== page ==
The first “Christmas in Orangefield” festival held Saturday, “was beyond our expectations, it was really nice” said Jesse Fremont, one of the committee members. The festival was held in conjunction with returning the tradition of the lighted oil derrick to the Orangefield community. The honor of lighting the derrick was given to Lois Remke Boehme, daughter of Bill Remke, the first man to put Christmas lights on a derrick in 1953.

There are only two derricks left in the oil field. Hurricanes destroyed many and others were discarded because they were no longer needed. The museum committee has been raising money to get the remaining derricks moved to the museum grounds. Harvey Wilson said they hope to have the derricks permanently in place at the museum next year for the derrick lighting. Bobby Cormier provided this year’s temporary solution.

The festival officially began Friday night with a hootenanny at the elementary school, then started Saturday morning with a Christmas parade.

“It was a good parade, the weather was good- a little windy- but was good.
Everything came together.” It was a great turnout in the early part of the day for the parade and booths. If you wanted to do a little Christmas shopping, there were a variety of items for sale from jewelry, Christmas decorations, goodies to eat and Bobcat branded items.

Pony rides were provided by the Bland family.“We’re part of the Youth Rodeo Association,” said Lisa Bland. “They needed a way to raise money. I said, ‘I’ll bring my pony, we’ll do pony rides.’” Bland said her girls participate in barrel racing. Her youngest daughter, 3-year-old Mary, has been riding her pony, Teddy Bear, since she was 18 months old.

The Blands also lent a few animals to the petting zoo.

“Uncle Jesse’s Farm” was an educational trail conceived by Janet Montagne and manned by members of the Orangefield FFA to teach children where their food comes from. Montagne admitted she had seen the idea somewhere else and thought it would be a good project. “We took it and ran with our own ideas. It teaches them the life of a farmer and how you sell it to the farmers’ market at the end,” she said.

The path started with a feed store where farmers would buy the feed for their animals and seeds for their crops. There were also examples of eggs coming from chickens, a garden and an orchard where kids could pick apples and oranges. They then learned about wool coming from sheep and milk coming from cows. K-Dan’s Super Foods sponsored the last booth, a grocery store where kids could spend the play money they received for their goods at the farmers’ market to buy their groceries.

“We started Thanksgiving week, building everything. I think we started painting four days ago,” said Montagne. “Next year it will be bigger and better, we’ll have a little bit more money to put into it.”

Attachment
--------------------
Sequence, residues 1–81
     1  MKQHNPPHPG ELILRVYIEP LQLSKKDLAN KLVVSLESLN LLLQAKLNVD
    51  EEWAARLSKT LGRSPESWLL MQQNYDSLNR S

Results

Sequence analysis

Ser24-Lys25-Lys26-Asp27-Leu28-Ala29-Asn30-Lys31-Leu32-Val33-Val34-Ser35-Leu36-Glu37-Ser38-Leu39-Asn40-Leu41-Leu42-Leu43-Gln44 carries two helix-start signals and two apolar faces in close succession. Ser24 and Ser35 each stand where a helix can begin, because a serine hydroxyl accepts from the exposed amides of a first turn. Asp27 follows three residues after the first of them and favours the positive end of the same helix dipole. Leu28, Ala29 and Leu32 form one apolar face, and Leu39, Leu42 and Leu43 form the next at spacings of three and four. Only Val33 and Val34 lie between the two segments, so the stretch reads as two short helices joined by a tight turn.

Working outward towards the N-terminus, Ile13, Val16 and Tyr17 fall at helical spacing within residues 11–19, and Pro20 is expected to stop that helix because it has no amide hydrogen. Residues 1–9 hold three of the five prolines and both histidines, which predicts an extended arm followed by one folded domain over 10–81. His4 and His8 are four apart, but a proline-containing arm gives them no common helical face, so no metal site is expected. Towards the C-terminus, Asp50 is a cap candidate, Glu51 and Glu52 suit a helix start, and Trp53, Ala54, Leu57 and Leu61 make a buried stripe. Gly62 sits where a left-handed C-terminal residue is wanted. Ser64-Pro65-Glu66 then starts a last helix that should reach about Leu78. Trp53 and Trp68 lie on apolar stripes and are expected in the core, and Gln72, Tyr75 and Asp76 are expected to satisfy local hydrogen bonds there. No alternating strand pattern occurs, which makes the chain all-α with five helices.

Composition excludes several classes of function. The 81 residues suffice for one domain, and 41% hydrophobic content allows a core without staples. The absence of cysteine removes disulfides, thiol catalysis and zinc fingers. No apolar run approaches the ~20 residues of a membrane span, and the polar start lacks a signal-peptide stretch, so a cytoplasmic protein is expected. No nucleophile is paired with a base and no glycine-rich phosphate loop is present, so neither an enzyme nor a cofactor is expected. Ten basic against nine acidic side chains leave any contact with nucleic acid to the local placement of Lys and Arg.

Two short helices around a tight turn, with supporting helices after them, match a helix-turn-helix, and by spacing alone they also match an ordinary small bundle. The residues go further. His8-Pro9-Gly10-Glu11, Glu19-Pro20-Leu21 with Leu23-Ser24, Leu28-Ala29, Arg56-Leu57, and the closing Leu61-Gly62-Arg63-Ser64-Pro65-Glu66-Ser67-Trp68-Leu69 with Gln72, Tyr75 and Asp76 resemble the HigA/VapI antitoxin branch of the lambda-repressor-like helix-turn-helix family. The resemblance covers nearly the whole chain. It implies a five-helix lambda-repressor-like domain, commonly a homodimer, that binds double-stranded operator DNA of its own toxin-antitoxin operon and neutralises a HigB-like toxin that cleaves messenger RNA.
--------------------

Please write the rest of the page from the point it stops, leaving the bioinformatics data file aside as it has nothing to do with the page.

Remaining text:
Music was provided throughout the day. Betty Chandler’s gumbo, Dutch oven cooking, and Italian sausage was available for those that were hungry.

The Orangefield Cormier Museum was open all day. Many of the participants had never been to the museum before to see the vast collection of toys, tools, memorabilia, cars and other items accumulated by Paul Cormier that are displayed in shops resembling life in Orangefield during the 1920s.

Darrell Hunter, a resident of Beaumont and a vendor at the festival took time to tour the museum. “It’s real nice. I like old historical stuff and I work for an oil company,” he said. “Ya’ll have done a great job. It’s something to contribute to the kids, the history, how it was made and where it’s going…the past, present and future.”

Some of the “shops” in the displays are open where you can step inside to get a closer look. In the skating rink, the juke box was playing while Hannah and Adriana Francis were playing foosball.

In another part of the building Peyton Trahan, 3, rode the mechanical horse. Peyton is the great-great-granddaughter of “Geaux Slow” Granger.

Helen Clark of Orangefield was a first-time visitor. “You could come six times and not see everything,” she said.

The cold did drive the crowd away in the afternoon, but they showed back up for the reading of “A Cajun Night before Christmas” by Orange County Judge Carl Thibodeaux and the lighting of the derrick.

Harvey Wilson, a member of the museum committee read a story written by Vergie Scales in the mid-70s, when the tradition of the lighted derrick first returned to Orangefield, when the Lions Club took over the task.

Members of the original group of Lions on hand were Jesse Fremont, Charles Donnaud, Bobby Cormier, Terry Vance, Robert Montagne and Byron Franks.

They posed with Ms. Boehme before the official lighting of the derrick.
“We hope to make this an annual job,” said Fremont. “It’s for the kids; the kids had a good time.”

About Penny LeLeux

Penny has worked at The Record Newspapers since 2006. A member of the editorial staff, she has "done everything but print it." Most frequently she writes entertainment reviews and human interest stories, with a little paranormal thrown in from time to time.She has been a lifelong member of the Orangefield community.